|Volume 37 Number 1||Stony Brook, NY||< January 2022 >|
|Dr. Corrado||Dr. Probst||STARS||Holiday Party|
|PGA 2021||Holiday Call Teams||What's Happening Alumni?||Peek Behind the Pub|
|ASRA Meeting||New Publications||Where on Campus is That?||Monthly Muscle Chillaxant|
Dr. Corrado Named Medical Director of Perioperative Services
Tong J (TJ) Gan, MD, MBA, MHS, FRCA
It is my pleasure to announce that Dr. Thomas Corrado has been named the Medical Director of Perioperative Services, effective January 1, 2022. He will replace Dr. Kenneth Rosenfeld, who will be leaving Stony Brook to pursue a new career opportunity.
Dr. Corrado is very well-known to Stony Brook. After completing his undergraduate and graduate studies at St. John’s University, his 17-year career began at Stony Brook, where he earned his medical degree, interned in the Department of Medicine and completed his training in Anesthesiology. In 2009, he joined our department as an Assistant Professor and Attending Anesthesiologist.
Over the years, Dr. Corrado has taken on many key roles in our department, including Resident Education Coordinator for the Neuroanesthesia Division; Ear, Nose and Throat Sub Division Director; Director of the MOCA Simulation Program; Operating Room Coordinator; Assistant Clinical Director of the PACU; and Chief Operating Room Coordinator. More recently, Dr. Corrado has led the OR Throughput and Efficiency Project. Within a short timeframe, his team was able to increase the on-time starts from a three-year average of 37% to over 77% percent. This placed Stony Brook in the top quartile and near the top decile for comparable institutions. Dr. Corrado’s leadership in this effort has created a collegial, perioperative environment among all the stakeholders, including surgeons, anesthesiologists, nursing, and staff. The next focus of his team will be to improve other areas of efficiency, including the operating room case turnovers. I am confident that the collaborative culture he has helped to cultivate will be instrumental in the continued success of his team.
In his new role, he will be assisted by Dr. Stephen Probst, the new Associate Medical Director of Perioperative Services. Both Drs. Corrado and Probst have been working closely together in the management of perioperative services and I expect to have a seamless transition in the change of leadership.
I would like to thank Dr. Ken Rosenfeld for his enormous contribution to Stony Brook Medicine, which spans over 30 years. He started as a resident in our department, then faculty member, interim department chair, and president of the Medical Board, to name a few of his many roles. He is well known to all of us at Stony Brook and we will miss his dedication to the institution and his sense of humor. I wish him great success as he embarks on a new chapter in his career.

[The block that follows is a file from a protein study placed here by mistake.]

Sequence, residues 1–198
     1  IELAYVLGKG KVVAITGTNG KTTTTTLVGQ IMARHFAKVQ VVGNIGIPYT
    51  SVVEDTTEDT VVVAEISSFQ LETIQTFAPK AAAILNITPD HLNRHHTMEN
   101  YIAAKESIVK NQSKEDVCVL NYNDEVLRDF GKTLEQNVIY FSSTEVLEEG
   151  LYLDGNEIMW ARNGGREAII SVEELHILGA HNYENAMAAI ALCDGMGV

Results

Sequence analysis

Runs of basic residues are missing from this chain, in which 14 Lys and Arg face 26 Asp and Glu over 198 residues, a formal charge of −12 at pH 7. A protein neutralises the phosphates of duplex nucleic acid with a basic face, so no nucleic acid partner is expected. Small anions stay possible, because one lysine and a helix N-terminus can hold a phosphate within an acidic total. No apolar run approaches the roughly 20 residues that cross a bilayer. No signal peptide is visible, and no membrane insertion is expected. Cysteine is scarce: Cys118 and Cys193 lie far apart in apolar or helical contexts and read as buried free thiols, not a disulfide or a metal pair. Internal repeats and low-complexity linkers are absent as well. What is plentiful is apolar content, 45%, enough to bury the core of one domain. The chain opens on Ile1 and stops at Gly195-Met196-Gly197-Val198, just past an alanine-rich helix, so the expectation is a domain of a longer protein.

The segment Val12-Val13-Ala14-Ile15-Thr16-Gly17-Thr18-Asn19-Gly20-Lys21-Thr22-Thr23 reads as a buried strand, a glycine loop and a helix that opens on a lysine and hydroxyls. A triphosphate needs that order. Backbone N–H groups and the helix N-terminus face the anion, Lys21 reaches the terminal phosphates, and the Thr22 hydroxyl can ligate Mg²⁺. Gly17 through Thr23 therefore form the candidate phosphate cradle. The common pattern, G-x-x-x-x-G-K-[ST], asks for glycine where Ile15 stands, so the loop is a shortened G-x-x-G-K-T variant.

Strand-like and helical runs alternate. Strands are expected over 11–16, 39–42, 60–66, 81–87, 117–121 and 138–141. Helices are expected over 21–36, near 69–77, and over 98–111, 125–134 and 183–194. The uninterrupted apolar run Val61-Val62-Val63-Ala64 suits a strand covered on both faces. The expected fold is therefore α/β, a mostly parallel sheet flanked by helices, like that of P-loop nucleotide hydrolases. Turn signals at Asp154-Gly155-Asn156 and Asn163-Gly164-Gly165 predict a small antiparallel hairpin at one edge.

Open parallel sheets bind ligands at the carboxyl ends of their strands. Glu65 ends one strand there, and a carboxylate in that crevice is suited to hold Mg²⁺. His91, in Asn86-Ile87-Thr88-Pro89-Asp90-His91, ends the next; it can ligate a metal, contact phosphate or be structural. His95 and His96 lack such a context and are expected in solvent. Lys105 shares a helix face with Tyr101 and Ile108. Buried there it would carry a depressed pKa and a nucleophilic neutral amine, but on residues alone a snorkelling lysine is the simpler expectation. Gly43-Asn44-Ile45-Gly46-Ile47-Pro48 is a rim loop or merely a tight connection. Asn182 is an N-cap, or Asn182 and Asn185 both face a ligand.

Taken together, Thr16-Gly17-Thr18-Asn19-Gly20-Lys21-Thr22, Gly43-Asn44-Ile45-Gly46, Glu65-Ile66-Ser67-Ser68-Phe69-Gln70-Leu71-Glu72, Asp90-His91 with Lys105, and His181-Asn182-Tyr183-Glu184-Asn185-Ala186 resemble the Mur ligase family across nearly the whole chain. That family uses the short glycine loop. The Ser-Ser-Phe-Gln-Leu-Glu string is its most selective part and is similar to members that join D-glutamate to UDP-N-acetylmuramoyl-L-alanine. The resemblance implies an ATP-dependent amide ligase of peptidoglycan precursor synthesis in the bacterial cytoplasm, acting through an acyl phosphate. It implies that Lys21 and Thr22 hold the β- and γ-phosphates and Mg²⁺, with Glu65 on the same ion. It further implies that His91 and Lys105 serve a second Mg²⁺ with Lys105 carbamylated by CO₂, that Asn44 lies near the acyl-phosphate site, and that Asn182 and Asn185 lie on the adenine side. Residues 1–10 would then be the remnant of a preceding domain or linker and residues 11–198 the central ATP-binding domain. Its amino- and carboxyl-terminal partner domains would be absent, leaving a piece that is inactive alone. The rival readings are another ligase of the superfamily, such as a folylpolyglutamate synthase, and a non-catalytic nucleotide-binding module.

Please join me in welcoming Dr. Corrado to his new role.
Dr. Probst Named Associate Medical Director of Perioperative Services
Tong J (TJ) Gan, MD, MBA, MHS, FRCA
It is my pleasure to announce that Dr. Stephen Probst has been named the Associate Medical Director of Perioperative Services, effective January 1, 2022. In this new role, he will work closely with Dr. Thomas Corrado, Medical Director of Perioperative Services, to set strategic directions, as well as operations of the operating rooms and non-OR anesthetizing locations.
Dr. Probst received his B.S. in biology/chemistry from Mount St. Mary College in Newburgh, New York and his M.D. from Stony Brook. He completed a residency program in Anesthesiology here at Stony Brook. Soon after, he joined our department as an Assistant Professor in 2008. Over the years, Dr. Probst has held progressively important roles. In 2010, a new section within the Neuroanesthesia and ENT anesthesia division was created to address the increasing number of interventional neuroradiology and neurosurgery cases at Stony Brook. Dr. Probst’s calm demeanor and reputation as a skilled clinician made him the ideal person to lead the new section. Not surprisingly, two years later, he was appointed the Chief of the Neuroanesthesia and ENT Anesthesia Division. In 2013, he became one of the Operating Room Clinical Coordinators. During this time, he created a dedicated cerebrovascular anesthesia on-call team. His significant leadership and managerial skills led to his recent appointment as the Anesthesiology Department’s Director of Clinical Affairs.
In addition to being an excellent clinician, Dr. Probst has excelled as an educator. He was an integral part of our Basics of Anesthesia lectures and developed the curriculum for neuroanesthesia. He also developed a mini fellowship for residents in the cerebrovascular discipline. He has served on numerous departmental and hospital committees, including the University Hospital Medical Board and our department’s executive committee.